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Sun., Jul. 19, 2015 7:30 AM PDT
Tue., Nov. 24, 2015 10:00 AM PST
Teammates will miss Dielman’s presence
SAN DIEGO – Kris Dielman will not line up at left guard for the rest of this season.
That was made clear when the team placed him on Reserve-Injured on Wednesday, and now the Chargers are left to move forward without a guy that’s made the Pro Bowl every season since ’07.
“The hardest thing, that group has had such great continuity,” Head Coach Norv Turner said. “You look at a guy like Kris Dielman and he’s kind of been not only the heart and soul of that group but this football team for a long time. He brings so much more than just his physical presence on the field.
“He’s been quite a player here and we’ll miss him over the next period. I’m anxious for him to get completely healthy and be able to play in the future.”
Many of Dielman’s teammates acknowledged his absence creates a big void, and not just for his play.
“Personally, I clicked with Diel right when I got here,” Ryan Mathews said. “It’s sad seeing him put on IR like that because he cares so much about the game. He just works so hard. It sucks to see him go.
“Other guys are going to pick it up. He’s going to be right there helping his team along still.”
Turner was not optimistic about Marcus McNeill’s availability Sunday either, and the team is preparing Brandyn Dombrowski as if he’ll play at left tackle against the Bears.
Another big question along the line is at right guard. Louis Vasquez (ankle) and Tyronne Green (hand) both missed Wednesday’s practice. If they can’t play, San Diego will go with Scott Mruczkowski and someone from the group of untested rookie Stephen Schilling and new acquisitions Tony Moll and Ikechuku Ndukwe.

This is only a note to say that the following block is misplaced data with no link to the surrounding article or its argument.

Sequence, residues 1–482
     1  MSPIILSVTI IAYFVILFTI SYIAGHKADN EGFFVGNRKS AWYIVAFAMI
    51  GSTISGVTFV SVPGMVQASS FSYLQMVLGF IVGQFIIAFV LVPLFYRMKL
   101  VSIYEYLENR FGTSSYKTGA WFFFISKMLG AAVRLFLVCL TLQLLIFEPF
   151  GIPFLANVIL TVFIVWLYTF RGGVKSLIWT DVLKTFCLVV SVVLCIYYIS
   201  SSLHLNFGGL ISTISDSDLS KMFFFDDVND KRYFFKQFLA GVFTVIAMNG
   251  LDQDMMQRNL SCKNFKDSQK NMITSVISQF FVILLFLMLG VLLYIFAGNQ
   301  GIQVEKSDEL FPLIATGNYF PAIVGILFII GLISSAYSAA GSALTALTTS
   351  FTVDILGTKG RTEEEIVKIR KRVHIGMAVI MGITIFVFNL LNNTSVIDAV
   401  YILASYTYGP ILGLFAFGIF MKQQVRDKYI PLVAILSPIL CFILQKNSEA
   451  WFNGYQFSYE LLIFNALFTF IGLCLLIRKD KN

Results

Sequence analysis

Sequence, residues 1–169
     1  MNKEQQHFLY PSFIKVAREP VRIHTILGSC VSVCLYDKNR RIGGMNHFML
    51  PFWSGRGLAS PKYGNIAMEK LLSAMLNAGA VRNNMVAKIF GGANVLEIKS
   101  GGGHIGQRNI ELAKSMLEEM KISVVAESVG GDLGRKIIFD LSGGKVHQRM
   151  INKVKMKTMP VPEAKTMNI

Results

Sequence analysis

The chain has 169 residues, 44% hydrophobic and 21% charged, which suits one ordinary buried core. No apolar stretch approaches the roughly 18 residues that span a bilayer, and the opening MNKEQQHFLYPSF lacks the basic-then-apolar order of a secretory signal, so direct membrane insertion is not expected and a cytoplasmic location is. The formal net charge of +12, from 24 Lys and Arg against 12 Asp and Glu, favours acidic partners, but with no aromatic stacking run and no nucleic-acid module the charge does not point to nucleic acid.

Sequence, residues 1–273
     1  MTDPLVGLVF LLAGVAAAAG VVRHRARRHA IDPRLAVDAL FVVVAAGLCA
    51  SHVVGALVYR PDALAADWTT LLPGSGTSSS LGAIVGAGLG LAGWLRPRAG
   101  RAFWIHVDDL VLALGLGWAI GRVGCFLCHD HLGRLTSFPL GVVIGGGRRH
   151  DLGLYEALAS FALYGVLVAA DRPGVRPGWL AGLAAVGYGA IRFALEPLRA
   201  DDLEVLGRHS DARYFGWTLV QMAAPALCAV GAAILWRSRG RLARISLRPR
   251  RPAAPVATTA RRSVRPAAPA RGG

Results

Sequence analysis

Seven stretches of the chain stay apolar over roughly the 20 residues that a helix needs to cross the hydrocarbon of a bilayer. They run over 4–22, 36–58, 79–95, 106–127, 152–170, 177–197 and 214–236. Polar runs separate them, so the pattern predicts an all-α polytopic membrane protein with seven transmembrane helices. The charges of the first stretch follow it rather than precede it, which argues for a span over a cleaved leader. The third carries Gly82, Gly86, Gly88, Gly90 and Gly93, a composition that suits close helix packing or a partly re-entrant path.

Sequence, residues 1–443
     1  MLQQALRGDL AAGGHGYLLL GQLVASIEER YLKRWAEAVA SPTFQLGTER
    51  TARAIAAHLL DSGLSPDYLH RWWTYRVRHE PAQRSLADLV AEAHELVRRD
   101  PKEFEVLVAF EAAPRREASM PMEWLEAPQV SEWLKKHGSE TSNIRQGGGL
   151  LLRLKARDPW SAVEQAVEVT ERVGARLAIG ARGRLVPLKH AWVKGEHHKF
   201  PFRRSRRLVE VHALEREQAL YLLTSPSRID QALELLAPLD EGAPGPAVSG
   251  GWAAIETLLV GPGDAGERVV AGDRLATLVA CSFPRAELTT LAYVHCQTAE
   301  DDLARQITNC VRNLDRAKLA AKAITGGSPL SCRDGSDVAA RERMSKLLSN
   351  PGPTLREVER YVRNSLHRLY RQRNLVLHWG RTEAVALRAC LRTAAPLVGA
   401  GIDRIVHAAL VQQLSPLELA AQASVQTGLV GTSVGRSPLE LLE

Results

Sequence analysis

Close to 100-percent healthy after the extended break between games, Turner expects Ryan Mathews, Mike Tolbert and Jacob Hester also will have an important share of pass protection responsibilities as Julius Peppers (six sacks) and an active Chicago front try to get after Philip Rivers.
If all else fails, Rivers has proven himself reliable under pressure. A late-game interception against Oakland under unusual circumstances aside, Turner said the quarterback made “great progress.”
“(Rivers) handled things extremely well under as much pressure as I think he has ever been or we’ve ever been under since I’ve been here,” Turner said.
“This front we’re playing is outstanding. They give you multiple problems. We have to be very careful with how much we ask our guys to do, but you have to give them a chance to go make plays.”
STILL UNIFIED: Turner called the team “anxious” to return to the practice field Wednesday and described the session as high-energy.
The Chargers see a seven-game season ahead of them that starts in Chicago this week and on Wednesday seemed far from a team that’s going to fall apart after a tough losing streak.
“(There’s) no team dissension. We always stick together,” Quentin Jammer said. “Over the years, I think that’s why we’ve always been so resilient and come back and won games because there’s no dissension among these teammates.
“We always rally together. Sometimes it takes us a while but we figure out what we need to do to win.”
EXPLANATION: Vincent Jackson addressed the fourth-quarter interception against the Raiders on Wednesday, confirming what Rivers and Turner already said.
Jackson was bracketed by two defenders on the play and did not appear to see the ball enter the end zone. Oakland’s Matt Giordano picked off the potential game-tying throw.
“As a receiver you go out there expecting the ball coming your way every play. I was looking for it,” Jackson said. “I still feel like I can track the ball pretty well at night. But I never saw it go up.
“When the defender came down with the ball, (I felt) a little confusion there, but again, I just never saw it.”